On the day before yesterday I received a letter from Harriett,  written at Greenup. She says she has just returned from your house; and that Father [is very] low, and will hardly recover. She also s[ays] you have written me two letters; and that [although] you do not expect me to come now, yo[u wonder] that I do not write. I received both your [letters, and] although I have not answered them, it is no[t because] I have forgotten them, or been uninterested about them---but because it appeared to me I could write nothing which could do any good. You already know I desire that neither Father or Mother shall be in want of any comfort either in health or sickness while they live; and I feel sure youPage 97 have not failed to use my name, if necessary, to procure a doctor, or any thing else for Father in his present sickness. My business is such that I could hardly leave home now, if it were not, as it is, that my own wife is sick-abed. (It is a case of baby-sickness, and I suppose is not dangerous.) I sincerely hope Father may yet recover his health; but at all events tell him to remember to call upon, and confide in, our great, and good, and merciful Maker; who will not turn away from him in any extremity. He notes the fall of a sparrow, and numbers the hairs of our heads; and He will not forget the dying man, who puts his trust in Him. Say to him that if we could meet now, it is doubtful whether it would not be more painful than pleasant; but that if it be his lot to go now, he will soon have a joyous [meeting] with many loved ones gone before; and where [the rest] of us, through the help of God, hope ere-long [to join] them.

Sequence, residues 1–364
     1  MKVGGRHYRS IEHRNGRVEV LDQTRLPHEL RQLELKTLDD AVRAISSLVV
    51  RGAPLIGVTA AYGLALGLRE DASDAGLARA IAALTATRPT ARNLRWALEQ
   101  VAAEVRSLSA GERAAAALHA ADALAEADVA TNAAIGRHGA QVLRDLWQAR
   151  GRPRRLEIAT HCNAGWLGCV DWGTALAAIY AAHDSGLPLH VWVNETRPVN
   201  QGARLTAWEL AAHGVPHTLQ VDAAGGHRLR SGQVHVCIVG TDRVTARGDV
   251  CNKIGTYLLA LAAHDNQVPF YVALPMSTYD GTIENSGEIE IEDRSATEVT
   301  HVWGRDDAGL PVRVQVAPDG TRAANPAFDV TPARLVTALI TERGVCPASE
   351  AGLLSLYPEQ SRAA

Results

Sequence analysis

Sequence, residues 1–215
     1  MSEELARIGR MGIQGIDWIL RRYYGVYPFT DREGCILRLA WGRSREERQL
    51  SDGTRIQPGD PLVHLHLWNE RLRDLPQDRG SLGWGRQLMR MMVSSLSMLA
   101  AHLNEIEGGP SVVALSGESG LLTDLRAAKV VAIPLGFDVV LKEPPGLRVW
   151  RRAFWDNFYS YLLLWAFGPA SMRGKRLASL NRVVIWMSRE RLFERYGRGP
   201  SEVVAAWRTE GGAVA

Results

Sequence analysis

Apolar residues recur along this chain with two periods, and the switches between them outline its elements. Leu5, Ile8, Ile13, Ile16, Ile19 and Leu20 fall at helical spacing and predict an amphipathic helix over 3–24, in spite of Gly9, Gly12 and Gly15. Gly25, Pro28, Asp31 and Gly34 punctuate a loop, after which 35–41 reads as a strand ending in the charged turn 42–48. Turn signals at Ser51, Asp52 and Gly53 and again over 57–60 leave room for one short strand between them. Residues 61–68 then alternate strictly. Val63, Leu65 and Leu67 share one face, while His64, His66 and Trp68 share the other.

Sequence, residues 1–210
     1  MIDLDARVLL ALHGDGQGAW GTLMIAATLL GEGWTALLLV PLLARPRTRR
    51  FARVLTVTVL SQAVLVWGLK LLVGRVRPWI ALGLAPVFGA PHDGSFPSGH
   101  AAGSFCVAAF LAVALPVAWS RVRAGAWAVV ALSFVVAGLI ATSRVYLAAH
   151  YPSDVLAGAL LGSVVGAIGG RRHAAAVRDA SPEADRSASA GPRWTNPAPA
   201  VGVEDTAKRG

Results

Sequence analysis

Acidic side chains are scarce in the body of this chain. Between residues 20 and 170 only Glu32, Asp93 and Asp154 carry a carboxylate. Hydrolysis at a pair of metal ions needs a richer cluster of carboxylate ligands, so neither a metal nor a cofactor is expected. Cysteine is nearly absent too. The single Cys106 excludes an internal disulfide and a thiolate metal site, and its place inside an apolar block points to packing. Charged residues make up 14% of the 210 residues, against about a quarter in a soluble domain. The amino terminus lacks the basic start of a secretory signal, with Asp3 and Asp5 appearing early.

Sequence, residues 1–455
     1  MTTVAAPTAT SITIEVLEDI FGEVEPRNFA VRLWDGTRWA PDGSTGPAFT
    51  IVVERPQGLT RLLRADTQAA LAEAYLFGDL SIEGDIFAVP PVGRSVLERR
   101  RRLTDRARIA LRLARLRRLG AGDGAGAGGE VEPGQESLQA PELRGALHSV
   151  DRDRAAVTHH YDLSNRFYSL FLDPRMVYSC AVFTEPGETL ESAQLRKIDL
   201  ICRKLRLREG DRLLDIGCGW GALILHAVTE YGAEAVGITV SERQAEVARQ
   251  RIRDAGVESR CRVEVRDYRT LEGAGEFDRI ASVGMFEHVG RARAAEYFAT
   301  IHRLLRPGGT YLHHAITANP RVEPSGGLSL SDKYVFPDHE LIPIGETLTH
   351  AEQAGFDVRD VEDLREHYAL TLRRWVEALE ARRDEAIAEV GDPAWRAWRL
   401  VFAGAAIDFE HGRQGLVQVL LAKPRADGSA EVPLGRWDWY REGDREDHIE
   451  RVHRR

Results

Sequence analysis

Write me again when you receive this. Affectionately